Wayne’s World, Wayne’s World, Wayne’s World, Party Time, Excellent! By now, everybody knows the story here and if you don’t, go now, find the film, and watch it. Now! Ok, so as a reminder, Wayne and Garth host a community cable tv show from Wayne’s basement, go out to the local diner, go to shows, drive around in the Mirthmobile, love metal, and are always down for an adventure.
1992’s “Wayne’s World” is considered a classic and is, without a doubt, one of my all time favorite comedies. It’s also one of the very (very) few SNL based movies that took a great skit and turned it in to a great movie. It didn’t just become a movie, but built its own universe around it. One of the more underrated aspects of “Wayne’s World” is how it uses music to tell its story. It implements classic rock and heavy metal to really explore the characters of Wayne and Garth, and how they associate their world with their favorite music.
These are five of my favorite musical breaks in “Wayne’s World.” Do you have any of your own?
With Steven Spielberg’s “West Side Story” he manages to offer up a brilliant, dazzling, and engrossing epic retelling of the original musical. It’s stunning how much Spielberg is able to suck us in using the elements of dance as important and crucial moments of exposition in lieu of endless dialogue. To say that “West Side Story” is a surprise, is an understatement. While Spielberg is a wonderful director, there’s never been any indication he could deliver on a musical. But with his version of “West Side Story” is gives us the classic tale of star crossed lovers, and a race war amidst the back drop of New York. Except what Spielberg does is beautifully recontextualizes the entire tale of the Jets and the Sharks for Modern audiences.
I am elated that Disney and Piax have begun finding the value in and delving in to tales that revolve around people of color. There’s so much rich heritage in the latinx community involving spirituality, honor, love, and the power of family. There’s so much amazing folklore that could really stand to be passed on to a new generation of movie lovers with great respect as presented in “Encanto.” Although it’s primarily about a Latinx family, it’s deep down about generational trauma, and the burdens that our elders can place on the youth, whether they realize it or not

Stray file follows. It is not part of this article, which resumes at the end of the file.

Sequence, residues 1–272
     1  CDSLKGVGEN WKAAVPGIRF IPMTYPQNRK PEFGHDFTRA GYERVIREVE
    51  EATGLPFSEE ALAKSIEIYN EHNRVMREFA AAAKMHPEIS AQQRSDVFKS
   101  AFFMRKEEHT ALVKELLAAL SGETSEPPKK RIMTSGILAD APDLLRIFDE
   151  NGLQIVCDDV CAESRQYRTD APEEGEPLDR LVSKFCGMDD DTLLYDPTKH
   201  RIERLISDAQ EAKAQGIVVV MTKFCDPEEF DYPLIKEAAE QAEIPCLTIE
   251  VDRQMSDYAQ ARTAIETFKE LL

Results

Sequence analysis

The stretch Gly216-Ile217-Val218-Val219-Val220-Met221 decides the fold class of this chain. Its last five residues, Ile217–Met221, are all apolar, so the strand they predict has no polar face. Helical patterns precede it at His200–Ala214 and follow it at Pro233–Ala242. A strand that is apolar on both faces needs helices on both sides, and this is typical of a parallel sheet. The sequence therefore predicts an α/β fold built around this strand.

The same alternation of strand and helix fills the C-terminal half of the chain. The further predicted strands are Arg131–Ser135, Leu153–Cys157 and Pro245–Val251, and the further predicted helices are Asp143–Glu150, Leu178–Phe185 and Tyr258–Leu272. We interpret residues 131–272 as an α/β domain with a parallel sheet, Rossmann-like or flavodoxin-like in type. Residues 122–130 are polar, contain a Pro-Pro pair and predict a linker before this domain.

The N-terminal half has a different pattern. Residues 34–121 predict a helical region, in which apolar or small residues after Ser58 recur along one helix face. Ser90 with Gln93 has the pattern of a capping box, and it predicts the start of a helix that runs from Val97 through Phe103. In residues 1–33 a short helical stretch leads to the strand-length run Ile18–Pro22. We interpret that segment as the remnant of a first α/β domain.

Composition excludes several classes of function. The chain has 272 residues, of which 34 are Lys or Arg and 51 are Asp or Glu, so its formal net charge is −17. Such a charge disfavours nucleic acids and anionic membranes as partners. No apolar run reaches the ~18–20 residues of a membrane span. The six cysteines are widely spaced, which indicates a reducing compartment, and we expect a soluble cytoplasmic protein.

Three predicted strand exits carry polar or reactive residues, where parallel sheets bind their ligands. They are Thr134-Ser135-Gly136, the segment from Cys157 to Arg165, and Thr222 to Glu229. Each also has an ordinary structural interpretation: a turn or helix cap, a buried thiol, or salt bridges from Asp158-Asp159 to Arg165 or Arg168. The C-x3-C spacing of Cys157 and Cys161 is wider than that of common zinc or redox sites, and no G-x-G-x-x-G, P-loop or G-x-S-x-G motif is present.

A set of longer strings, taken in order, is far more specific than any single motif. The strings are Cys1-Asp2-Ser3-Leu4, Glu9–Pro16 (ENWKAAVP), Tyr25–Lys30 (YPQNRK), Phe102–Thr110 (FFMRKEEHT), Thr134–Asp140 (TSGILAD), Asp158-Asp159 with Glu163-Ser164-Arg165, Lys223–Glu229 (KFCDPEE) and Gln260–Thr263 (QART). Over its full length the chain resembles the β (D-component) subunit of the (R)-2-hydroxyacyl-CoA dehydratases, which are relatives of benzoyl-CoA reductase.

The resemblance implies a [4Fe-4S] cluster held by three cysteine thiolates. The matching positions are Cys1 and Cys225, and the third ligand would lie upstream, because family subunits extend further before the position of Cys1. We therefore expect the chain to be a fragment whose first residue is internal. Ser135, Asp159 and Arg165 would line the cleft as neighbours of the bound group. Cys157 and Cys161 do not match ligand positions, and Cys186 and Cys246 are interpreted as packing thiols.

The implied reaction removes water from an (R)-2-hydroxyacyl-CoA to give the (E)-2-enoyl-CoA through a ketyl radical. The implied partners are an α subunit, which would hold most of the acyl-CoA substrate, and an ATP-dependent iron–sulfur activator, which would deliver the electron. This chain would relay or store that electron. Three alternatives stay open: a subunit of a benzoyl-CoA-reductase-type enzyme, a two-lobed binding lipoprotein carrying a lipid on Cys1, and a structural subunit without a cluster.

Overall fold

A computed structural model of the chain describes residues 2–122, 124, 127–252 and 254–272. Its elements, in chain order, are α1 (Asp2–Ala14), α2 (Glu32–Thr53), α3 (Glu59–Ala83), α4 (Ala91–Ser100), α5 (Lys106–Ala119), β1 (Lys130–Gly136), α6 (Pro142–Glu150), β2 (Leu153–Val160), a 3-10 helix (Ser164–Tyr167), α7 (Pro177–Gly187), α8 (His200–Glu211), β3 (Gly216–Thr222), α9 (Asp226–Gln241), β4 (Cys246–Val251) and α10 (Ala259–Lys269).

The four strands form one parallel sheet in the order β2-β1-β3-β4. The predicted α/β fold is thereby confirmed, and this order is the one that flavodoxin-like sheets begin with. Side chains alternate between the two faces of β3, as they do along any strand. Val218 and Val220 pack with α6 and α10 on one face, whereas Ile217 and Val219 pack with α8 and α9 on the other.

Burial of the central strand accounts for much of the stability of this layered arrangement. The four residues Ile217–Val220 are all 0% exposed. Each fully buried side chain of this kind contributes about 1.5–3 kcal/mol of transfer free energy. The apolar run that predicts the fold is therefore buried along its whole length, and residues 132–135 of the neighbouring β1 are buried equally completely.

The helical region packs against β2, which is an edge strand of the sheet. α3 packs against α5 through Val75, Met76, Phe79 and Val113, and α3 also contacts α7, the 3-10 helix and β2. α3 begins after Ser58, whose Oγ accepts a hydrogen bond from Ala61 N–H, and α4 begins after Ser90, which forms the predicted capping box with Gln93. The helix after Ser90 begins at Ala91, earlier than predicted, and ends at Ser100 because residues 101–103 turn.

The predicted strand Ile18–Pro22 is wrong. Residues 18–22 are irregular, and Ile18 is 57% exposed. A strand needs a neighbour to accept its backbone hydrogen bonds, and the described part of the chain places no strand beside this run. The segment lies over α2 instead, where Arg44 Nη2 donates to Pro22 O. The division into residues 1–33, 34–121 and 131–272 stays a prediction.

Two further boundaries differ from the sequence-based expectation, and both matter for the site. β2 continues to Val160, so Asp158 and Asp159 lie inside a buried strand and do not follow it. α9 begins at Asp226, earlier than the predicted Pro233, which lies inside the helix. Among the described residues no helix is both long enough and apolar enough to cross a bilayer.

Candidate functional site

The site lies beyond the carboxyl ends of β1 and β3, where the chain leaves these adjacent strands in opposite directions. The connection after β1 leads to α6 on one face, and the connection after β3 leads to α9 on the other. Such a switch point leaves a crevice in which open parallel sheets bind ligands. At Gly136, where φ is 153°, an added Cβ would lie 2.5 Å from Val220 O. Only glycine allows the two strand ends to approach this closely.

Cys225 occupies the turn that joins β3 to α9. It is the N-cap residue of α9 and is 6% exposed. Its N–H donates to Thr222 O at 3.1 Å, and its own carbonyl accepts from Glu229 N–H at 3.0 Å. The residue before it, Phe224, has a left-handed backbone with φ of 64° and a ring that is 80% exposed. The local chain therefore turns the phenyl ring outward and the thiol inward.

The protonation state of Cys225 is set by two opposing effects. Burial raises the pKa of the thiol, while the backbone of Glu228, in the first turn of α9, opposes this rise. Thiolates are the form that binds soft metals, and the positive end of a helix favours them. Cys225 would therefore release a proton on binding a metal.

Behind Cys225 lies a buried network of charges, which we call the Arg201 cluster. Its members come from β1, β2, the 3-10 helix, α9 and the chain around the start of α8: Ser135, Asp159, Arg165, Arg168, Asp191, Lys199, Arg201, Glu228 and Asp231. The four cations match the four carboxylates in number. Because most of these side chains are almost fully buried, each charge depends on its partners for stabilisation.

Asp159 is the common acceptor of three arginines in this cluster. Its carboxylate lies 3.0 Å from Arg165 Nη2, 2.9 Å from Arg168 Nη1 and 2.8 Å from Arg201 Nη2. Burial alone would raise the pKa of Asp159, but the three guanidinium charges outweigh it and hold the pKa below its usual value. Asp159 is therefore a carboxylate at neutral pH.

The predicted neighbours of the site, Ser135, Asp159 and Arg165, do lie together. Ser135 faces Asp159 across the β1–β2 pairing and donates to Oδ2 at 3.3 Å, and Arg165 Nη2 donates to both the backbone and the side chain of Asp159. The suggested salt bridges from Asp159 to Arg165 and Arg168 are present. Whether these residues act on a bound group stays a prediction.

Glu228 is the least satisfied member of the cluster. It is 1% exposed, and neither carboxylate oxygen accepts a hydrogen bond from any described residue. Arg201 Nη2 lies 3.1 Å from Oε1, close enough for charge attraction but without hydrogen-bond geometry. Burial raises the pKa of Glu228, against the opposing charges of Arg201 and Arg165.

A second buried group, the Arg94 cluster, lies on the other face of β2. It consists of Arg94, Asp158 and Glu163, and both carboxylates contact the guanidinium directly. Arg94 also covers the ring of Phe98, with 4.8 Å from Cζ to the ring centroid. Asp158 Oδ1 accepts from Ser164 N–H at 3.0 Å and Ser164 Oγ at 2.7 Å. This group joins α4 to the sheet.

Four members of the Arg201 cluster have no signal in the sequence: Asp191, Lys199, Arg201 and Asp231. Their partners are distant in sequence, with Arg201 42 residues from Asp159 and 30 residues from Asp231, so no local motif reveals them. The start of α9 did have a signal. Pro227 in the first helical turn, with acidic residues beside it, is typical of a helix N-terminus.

While director Edgar Wright is still fresh in to his career and has churned out so many superb films, his ambition has managed to help elevate him in to a better filmmaker, one of bigger substance and larger scale. “Last Night in Soho” prove it, as it feels like that poppy bizarre sixties thriller that we might have actually seen in the sixties. Perhaps starring Natalie Wood? Maybe Peggy Lipton? “Last Night in Soho” has everything going for it; it’s the type murder mystery that audiences have been craving. It has a unique horror bent, and Wright has delivered on pop culture cult films like “Shaun of the Dead” and “Scott Pilgrim vs. The World.”
The story of Video Music Box is long, long overdue. Video Music Box existed in a world where everyone “wanted their MTV.” While MTV hesitated to play music from people of color well in to the eighties, “Video Music Box” was a New York institution that proudly played music videos and performances from African American and minority artists that were legendary and up and comers, and for that it continues to be heralded by iconic music artists.
The Z Movie to end all Z movies, “Frankenstein’s Daughter” is both a cult classic and a classic piece of cinematic trash. It’s a god awful attempt to take the Frankenstein tale and retro-fit it in to a teen horror drama about coming of age, legacy, and uncomfortable scenes of men aggressively hitting on high school girls. In either case, “Frankenstein’s Daughter” is something of an anomaly, it’s a movie that’s been widely accepted within the genre, but it’s just so painfully bad when you finally experience it.
With Shout! Studios being given the rights to Laika Studios’ catalogue, they’ve been releasing almost all of their acclaimed award winning films with some new features. If you’ve been a fan of Laika over the years as I’ve been, it’s not surprising that they’ve risen in the ranks alongside PIXAR and Disney as one of the best of their ilk. Probably their best yet is “Kubo and the Two Strings,” a wonderful mixture of mythology, folklore, horror, action, and adventure along with their amazing animation.